Joe Ousalice, 70, a Falklands veteran, was handed back his long service and good conduct medal by the defence secretary, Ben Wallace, last year. They had been removed in 1993 after a court martial when he had served 18 years in the Royal Navy. “This is nowhere near enough,” Ousalice said. “By taking my medal and three good conduct badges that I had, my rank was cut. I had to wait until 60 before drawing a pension, whereas I could have got it immediately.”
Coventry volts ahead – Coventry city council is seeking pre-emptive planning permission for a “gigafactory” beside the city’s airport to make electric car batteries. So far only one company, BritishVolt, has announced it wants to build a UK factory, at a site in Blyth, Northumbria, near Nissan’s Sunderland plant. A joint venture between Coventry council and Regional City Airports aims to attract an experienced manufacturer to start production by 2025. Many in the industry believe the West Midlands will also require a battery plant to supply carmakers such as Aston Martin Lagonda, BMW and the taxi and van company LEVC. The Jaguar brand is to switch to pure electric technology by 2025, before its owner JLR ceases all production of petrol and diesel vehicles by 2036, meaning it will require hundreds of thousands of batteries a year.
Today in Focus podcast: Why are India’s farmers angry?
The Guardian’s south Asia correspondent and the founder of a sustainable farming movement explain why huge protests are taking place against the Indian government’s sweeping reforms of agriculture.
Lunchtime read: How to have better arguments online
The troubled times we live in, and the rise of social media, have created an age of endless conflict. Rather than fearing or avoiding disagreement, we need to learn to do it well.
Today barring a twist will be a Test match that concludes with India squaring the series at one-all – our live coverage is up and running. Australian Open day nine is likewise under way so get all the updates from the first day of the quarter-finals at Melbourne Park – in developments so far, Naomi Osaka has reached the semi-finals by defeating Hsieh Su-wei 6-2, 6-2. A resolute Jürgen Klopp has vowed to correct Liverpool’s faltering season and denied he needs a break after a difficult time in his private and professional life. Chelsea are remembering why it helps to have a manager who trusts in his tactics and style of play after Thomas Tuchel led his side to a 2-0 win over Newcastle. Sport is facing a “massive spread in the cancer of match-fixing” during the Covid-19 era, investigators have said, with fixers diversifying into new areas and targeting especially vulnerable teams, players and officials. Simone Biles says she would not allow her daughter to be part of the USA Gymnastics set-up following the organisation’s handling of the Larry Nassar sexual abuse scandal. Lando Norris believes he will face the hardest challenge of his career in the new Formula One season.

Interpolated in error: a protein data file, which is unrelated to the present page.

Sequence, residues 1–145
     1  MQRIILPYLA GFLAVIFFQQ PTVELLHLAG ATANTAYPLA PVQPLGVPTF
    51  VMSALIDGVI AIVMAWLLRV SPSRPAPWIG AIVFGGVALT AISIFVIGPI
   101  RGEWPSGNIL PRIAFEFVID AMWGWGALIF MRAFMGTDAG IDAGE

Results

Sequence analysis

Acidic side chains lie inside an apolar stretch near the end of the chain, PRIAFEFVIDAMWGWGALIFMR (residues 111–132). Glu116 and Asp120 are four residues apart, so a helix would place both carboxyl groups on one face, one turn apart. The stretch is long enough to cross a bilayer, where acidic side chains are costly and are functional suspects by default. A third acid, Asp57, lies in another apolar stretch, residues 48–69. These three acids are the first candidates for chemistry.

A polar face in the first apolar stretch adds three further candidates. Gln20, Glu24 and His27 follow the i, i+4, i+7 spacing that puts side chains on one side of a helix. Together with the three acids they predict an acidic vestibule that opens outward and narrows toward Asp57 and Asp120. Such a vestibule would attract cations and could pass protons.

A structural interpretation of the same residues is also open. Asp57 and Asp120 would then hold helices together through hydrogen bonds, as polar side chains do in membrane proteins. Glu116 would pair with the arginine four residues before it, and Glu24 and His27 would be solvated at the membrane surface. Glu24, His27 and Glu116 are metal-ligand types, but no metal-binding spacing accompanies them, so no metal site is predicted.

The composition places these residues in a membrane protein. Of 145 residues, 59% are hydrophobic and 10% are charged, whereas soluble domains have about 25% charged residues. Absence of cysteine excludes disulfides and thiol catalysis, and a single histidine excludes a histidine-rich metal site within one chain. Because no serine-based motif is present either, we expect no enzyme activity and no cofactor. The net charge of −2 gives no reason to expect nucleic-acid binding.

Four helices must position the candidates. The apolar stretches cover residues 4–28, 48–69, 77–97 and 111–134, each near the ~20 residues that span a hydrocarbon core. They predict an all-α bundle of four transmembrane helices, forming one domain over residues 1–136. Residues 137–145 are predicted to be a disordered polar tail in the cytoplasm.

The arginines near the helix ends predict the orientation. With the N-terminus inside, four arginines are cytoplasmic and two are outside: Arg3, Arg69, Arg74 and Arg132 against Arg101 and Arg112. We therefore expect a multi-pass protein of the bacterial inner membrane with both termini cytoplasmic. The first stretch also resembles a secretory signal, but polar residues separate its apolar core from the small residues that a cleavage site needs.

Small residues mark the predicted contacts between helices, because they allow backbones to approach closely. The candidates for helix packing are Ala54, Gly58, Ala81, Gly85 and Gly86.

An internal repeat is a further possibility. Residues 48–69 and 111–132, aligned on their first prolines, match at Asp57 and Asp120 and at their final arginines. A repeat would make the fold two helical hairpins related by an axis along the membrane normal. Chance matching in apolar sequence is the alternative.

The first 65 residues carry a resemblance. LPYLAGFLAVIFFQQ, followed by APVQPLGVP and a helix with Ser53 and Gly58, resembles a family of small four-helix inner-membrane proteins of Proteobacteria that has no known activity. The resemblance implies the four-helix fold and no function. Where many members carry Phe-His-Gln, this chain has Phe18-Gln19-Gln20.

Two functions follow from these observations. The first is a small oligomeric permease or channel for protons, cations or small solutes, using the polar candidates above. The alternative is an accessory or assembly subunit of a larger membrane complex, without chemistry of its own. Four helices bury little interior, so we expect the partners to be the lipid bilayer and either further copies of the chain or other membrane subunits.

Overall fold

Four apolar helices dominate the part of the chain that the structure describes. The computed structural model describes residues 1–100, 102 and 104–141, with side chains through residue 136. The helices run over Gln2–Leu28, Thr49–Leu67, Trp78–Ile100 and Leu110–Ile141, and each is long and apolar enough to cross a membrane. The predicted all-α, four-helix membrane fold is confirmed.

Asia-Pacific shares have advanced today, putting world equities on course to extend their bull run for a 12th consecutive session as optimism about the global economic recovery and expectations of low interest rates drive investments into riskier assets. Severe freezing weather in the US has helped push oil prices to a 13-month high. The MSCI index of Asia-Pacific shares ticked up 0.45% while Japan’s Nikkei rose 0.4% to a 30-year high. The Hang Seng surged 1.79% to a 32-month high in its first session since Thursday following the lunar new year holidays. Mainland Chinese markets will remain closed until this Thursday while Wall Street was also shut on Monday. The FTSE has picked up on the positive vibe and is set to open higher. The pound is worth $1.394 and €1.148 at time of writing.
A quarantined arrival giving the thumbs-down from behind a hotel window features across several front pages today. Others look out longingly – the Metro calls it the “Radisson blues”. The i has “Border farce on day one of new hotel quarantine” –picking up, as our story does on how border staff, received their instructions – a lengthy email with five attachments – only two and a half hours before they came into force. The Guardian has “Anger over Cummings role in Covid contract” and stars calling for the government to bring back visa-free work in the EU for creative practitioners.
“Johnson: this must be the final lockdown”. That’s the Telegraph while the Times has “Vaccination is reducing admissions and deaths” – which might further embolden Tory MPs who believe high vaccination rates are enough to warrant lifting restrictions. The Express says “PM: we can be optimistic … but no time to relax”.
The Sussexes’ decision to go even more public via an Oprah Winfrey interview is everywhere. “Harry and Meghan: the final straw” says the Mail: it reports they are set to be stripped of their remaining royal patronages. The Mirror can’t resist doing it as “Royal soap Oprah” and says the palace “fears explosive claims”. The FT leads with “JLR ditches diesel in plan to go electric in 15 years” – our version of that news here. Its picture lead is Ngozi Okonjo-Iweala, who has become the first female and first African leader of the World Trade Organization.